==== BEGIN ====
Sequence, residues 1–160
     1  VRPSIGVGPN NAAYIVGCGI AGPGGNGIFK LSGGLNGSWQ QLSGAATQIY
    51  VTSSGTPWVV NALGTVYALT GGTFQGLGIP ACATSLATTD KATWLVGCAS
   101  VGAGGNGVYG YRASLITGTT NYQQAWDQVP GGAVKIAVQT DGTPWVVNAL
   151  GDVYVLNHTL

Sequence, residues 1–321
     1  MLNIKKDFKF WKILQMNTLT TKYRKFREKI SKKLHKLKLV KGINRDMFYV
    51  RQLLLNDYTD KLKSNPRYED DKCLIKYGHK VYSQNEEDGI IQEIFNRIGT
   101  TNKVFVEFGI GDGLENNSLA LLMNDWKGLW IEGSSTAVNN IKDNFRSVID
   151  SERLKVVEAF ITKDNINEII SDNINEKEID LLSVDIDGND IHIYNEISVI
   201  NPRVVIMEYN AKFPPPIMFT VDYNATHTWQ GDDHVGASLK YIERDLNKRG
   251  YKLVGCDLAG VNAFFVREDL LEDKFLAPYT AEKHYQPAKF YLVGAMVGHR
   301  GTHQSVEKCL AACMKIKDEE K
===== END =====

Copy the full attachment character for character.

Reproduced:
Sequence, residues 1–160
     1  VRPSIGVGPN NAAYIVGCGI AGPGGNGIFK LSGGLNGSWQ QLSGAATQIY
    51  VTSSGTPWVV NALGTVYALT GGTFQGLGIP ACATSLATTD KATWLVGCAS
   101  VGAGGNGVYG YRASLITGTT NYQQAWDQVP GGAVKIAVQT DGTPWVVNAL
   151  GDVYVLNHTL

Sequence, residues 1–321
     1  MLNIKKDFKF WKILQMNTLT TKYRKFREKI SKKLHKLKLV KGINRDMFYV
    51  RQLLLNDYTD KLKSNPRYED DKCLIKYGHK VYSQNEEDGI IQEIFNRIGT
   101  TNKVFVEFGI GDGLENNSLA LLMNDWKGLW IEGSSTAVNN IKDNFRSVID
   151  SERLKVVEAF ITKDNINEII SDNINEKEID LLSVDIDGND IHIYNEISVI
   201  NPRVVIMEYN AKFPPPIMFT VDYNATHTWQ GDDHVGASLK YIERDLNKRG
   251  YKLVGCDLAG VNAFFVREDL LEDKFLAPYT AEKHYQPAKF YLVGAMVGHR
   301  GTHQSVEKCL AACMKIKDEE K